An employer can put in a job description that you are required to lift so much and other physical requirements. As long as you say you can do this and you do not have a doctor saying you can't, then you are they should hire you (assuming you are the candidate they want.) That also means if you come back later and say you cannot do those things, they can fire you. Or they might be able to successfully fight a Worker's Comp claim if you injure yourself on the job. They could state that you took unnecessary risk in regard to your health condition, didn't disclose, etc.
But an interviewer can choose not to hire you for any reason whatsoever. It could be because of a vibe you give off, how you answer a question, how you are dressed, etc. So legally, they cannot discriminate against you because of the scoliosis, but that doesn't mean they have to hire you.
I say you need to be honest with yourself. If you think you can truly do the job, including the physical aspects of it, then go for it. If you are only going to be causing yourself more pain and more debilitation down the road, nursing is not the right choice. Don't worry about the employer, worry about yourself.
If enjoy science and the pre-reqs you are taking, consider something like becoming a lab tech or a pharmacy tech. Those jobs may require standing and some lifting, but not pulling patients up in the bed, turning and lifting patients, having patients fall on you, etc. If its the care-giving, what about occupational therapy or speech therapy? Audiology? Respiratory therapy? I'm thinking there isn't as much lifting, pulling, etc with those jobs either.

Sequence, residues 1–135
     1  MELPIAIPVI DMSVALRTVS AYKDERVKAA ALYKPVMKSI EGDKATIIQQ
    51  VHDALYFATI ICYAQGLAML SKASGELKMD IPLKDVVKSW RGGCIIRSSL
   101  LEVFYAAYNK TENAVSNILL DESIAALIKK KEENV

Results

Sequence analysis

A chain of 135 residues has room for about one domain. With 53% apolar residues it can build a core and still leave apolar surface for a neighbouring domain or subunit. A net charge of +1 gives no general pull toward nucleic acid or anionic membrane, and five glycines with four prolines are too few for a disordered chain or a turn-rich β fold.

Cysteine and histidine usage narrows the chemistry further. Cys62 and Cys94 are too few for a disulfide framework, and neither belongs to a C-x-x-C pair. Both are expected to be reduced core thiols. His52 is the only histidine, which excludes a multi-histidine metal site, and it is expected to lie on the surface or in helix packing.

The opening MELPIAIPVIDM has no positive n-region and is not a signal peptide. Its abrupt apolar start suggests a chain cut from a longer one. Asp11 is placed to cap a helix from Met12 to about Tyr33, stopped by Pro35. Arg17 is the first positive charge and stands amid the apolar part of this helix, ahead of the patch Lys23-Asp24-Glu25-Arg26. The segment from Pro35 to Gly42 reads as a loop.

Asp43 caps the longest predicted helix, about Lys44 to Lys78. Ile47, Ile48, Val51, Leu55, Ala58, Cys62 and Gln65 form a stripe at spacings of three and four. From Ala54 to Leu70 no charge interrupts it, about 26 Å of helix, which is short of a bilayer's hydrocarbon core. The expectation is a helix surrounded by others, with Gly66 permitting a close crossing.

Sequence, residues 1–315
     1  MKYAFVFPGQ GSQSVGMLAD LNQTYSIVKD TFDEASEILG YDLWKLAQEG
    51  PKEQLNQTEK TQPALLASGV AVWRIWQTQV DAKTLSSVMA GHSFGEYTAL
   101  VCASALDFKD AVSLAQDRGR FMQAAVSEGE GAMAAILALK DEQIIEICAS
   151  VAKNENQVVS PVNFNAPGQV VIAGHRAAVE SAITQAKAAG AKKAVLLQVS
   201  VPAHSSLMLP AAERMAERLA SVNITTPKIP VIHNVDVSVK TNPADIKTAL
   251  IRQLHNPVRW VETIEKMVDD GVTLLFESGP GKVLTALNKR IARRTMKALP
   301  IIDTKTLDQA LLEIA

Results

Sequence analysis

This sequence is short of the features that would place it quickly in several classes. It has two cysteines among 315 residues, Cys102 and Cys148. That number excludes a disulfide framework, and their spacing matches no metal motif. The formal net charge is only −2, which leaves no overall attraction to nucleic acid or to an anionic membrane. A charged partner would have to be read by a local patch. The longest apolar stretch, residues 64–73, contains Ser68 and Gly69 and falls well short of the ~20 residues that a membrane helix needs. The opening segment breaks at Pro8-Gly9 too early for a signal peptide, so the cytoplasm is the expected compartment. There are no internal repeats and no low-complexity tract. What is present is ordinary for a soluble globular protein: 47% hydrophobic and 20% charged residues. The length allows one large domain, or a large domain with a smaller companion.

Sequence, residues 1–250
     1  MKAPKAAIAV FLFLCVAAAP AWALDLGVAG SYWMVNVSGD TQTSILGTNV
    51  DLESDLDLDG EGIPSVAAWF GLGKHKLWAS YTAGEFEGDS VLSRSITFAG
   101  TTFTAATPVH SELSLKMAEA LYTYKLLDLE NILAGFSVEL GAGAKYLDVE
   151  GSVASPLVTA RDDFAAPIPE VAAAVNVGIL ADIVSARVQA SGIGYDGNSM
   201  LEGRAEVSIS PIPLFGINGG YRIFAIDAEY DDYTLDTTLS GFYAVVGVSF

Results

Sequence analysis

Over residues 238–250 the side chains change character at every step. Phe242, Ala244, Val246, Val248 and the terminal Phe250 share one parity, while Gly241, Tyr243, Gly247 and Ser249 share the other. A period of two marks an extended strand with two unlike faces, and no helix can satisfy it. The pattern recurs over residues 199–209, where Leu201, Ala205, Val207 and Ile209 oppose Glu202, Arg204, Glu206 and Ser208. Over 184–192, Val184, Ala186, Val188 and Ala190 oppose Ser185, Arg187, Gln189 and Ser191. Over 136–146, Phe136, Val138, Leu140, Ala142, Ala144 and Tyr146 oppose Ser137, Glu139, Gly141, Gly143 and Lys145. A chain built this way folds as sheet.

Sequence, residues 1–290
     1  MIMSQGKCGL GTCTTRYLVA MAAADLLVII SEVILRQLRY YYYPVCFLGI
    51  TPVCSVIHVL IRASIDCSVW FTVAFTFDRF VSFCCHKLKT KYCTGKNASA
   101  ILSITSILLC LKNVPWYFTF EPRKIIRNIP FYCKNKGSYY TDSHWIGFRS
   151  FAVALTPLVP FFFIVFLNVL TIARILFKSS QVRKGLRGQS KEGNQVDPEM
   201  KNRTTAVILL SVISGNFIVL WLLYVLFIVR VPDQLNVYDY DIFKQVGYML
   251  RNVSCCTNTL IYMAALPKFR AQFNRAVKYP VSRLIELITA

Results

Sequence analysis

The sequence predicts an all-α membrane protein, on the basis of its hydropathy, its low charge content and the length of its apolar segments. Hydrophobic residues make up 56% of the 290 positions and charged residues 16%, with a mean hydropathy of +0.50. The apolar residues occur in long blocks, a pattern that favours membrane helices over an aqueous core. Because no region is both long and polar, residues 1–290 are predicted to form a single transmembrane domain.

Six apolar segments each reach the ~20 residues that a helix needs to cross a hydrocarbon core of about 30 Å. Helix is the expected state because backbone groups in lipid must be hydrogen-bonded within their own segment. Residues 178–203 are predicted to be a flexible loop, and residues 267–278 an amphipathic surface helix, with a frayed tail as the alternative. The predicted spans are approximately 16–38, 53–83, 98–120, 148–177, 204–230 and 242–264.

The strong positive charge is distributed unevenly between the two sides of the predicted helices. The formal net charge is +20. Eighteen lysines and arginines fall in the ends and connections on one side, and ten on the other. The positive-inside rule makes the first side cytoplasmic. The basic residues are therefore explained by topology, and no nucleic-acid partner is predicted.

Nursing is a physically demanding job. Lots of nurses with healthy backs and knees end up with injuries and debilitation. It sounds like you are willing to do the work, but is it really the best thing for you?
- Dec 30, '12 by MsPebblesI appreciate your responses.
I do understand the risk of doing more harm to my body in nursing field, but even with that possibility and knowing how physically demanding it can be, I cannot imagine not fulfilling this lifelong dream. I do understand there are countless positions in healthcare I could go into that are not as physically demanding, but I have no passion or desire for those jobs, and I honestly couldn't see myself doing anything else as a career.
Also, I do understand that an employer can choose not to hire me for any reason unrelated to my scoliosis...I was just asking about this specifically, though.